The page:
The light output from the 60 watt Philips Cosmopolis lamp and the fact the lamp hit the refractor at exactly the correct point, totally put the existing lighting installations to shame and the savings involved in the energy and running cost are also a great gain to the overall effect of the scheme.
— Neil Arnold Senior Lighting Engineer, Camden Council
(commenting on the V2 prototype in Shelton Street)
The façade lighting scheme
This home-grown project, initiated and organised by the Trust saw the replacement of all lamp columns (except the few remaining historic gas columns) by bespoke façade-mounted lanterns from Shaftesbury Avenue down to Long Acre (the largest area in the West End with façade lighting). The lantern, bracket arm and acrotaria were designed by trustee Paul Draper. It took seven years to complete largely because the specialist French-based company which won the tender for manufacture went through two changes of ownership which delayed the project significantly and led to a series of frustrating manufacturing errors. It was only with the acquisition of the company by Philips Lighting UK that the errors were corrected and the Trust could take delivery of the handsome lanterns and brackets. The lanterns were installed in August 2014.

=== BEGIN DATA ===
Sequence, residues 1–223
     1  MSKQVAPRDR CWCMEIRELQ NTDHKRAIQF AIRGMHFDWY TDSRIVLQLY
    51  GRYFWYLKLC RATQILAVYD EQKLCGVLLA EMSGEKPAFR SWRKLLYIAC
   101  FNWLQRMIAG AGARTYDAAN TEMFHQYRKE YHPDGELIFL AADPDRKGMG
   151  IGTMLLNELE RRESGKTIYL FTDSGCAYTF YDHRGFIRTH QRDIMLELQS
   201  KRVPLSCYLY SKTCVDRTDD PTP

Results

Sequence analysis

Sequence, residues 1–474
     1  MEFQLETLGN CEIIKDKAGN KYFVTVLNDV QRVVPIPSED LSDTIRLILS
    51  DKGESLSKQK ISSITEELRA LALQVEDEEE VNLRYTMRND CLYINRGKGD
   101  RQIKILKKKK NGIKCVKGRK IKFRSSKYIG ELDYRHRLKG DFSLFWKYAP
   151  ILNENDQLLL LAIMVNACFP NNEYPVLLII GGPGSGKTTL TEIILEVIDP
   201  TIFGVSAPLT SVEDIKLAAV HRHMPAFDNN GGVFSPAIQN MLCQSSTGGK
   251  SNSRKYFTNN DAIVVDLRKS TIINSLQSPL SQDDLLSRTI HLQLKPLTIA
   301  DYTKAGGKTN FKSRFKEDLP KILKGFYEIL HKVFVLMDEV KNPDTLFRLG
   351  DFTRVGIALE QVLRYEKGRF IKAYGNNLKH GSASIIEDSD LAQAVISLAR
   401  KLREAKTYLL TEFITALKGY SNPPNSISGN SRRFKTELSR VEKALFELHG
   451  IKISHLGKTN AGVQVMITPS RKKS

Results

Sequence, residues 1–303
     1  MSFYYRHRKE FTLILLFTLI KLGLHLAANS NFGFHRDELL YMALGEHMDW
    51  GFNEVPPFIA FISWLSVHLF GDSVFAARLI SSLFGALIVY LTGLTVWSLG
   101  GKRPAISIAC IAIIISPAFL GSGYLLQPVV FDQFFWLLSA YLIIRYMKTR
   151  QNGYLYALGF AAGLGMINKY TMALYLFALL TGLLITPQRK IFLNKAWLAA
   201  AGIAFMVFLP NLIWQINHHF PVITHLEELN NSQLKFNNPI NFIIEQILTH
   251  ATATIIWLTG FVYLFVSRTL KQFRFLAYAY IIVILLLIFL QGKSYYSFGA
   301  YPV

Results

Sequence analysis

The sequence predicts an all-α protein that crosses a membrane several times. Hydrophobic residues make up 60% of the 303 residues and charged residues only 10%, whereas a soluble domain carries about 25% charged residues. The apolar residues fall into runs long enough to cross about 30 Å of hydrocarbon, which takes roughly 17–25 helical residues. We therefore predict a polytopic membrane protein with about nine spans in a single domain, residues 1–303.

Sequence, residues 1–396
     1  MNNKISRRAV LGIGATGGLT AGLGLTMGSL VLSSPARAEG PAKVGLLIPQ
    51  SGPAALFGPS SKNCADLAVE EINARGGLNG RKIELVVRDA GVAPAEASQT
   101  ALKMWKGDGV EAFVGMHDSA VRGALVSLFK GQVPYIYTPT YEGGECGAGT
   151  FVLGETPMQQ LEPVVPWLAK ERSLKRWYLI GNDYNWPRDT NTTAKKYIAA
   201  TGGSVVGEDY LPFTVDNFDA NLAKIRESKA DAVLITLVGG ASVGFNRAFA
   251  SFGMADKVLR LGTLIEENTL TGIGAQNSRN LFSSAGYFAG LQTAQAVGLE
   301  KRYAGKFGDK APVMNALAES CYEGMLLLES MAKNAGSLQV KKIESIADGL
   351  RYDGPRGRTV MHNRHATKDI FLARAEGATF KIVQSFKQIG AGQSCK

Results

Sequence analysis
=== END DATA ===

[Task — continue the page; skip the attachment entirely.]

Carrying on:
Much research was undertaken by the Trust and its advisors before the final design was agreed. Available off the peg 'heritage' lanterns were rejected as being generally of poor quality. Our lantern, bracket arm and acrotaria were designed by trustee Paul Draper. The Windsor-style lantern harnesses gas lamp technology using an old fashioned 'sugar-bowl' surround with a modern optic - directing the light in an egg shape.
Tricky power supply and pre-installation works had to be completed before the lanterns could be installed. The many listed buildings approvals were secured by Rolfe Judd, sponsored by Shaftesbury PLC, who also sponsored Fresson Tee to produce a Master Layout Plan with photographs of each facade with electricity feeder boxes and wiring positions. All this information was used for consultation with local freeholders, leaseholders and residents.
The cost of the scheme was £185,000, funded by Camden Council, English Heritage, the St Giles Community Safety Fund and Shaftesbury PLC. Westminster City Council met the cost of £24,000 to extend the scheme over the borough boundary to their section of Shelton Street, Mercer Street and Langley Street.
History of Public Lighting: Those with a particular interest can read about the history of public lighting in Westminster.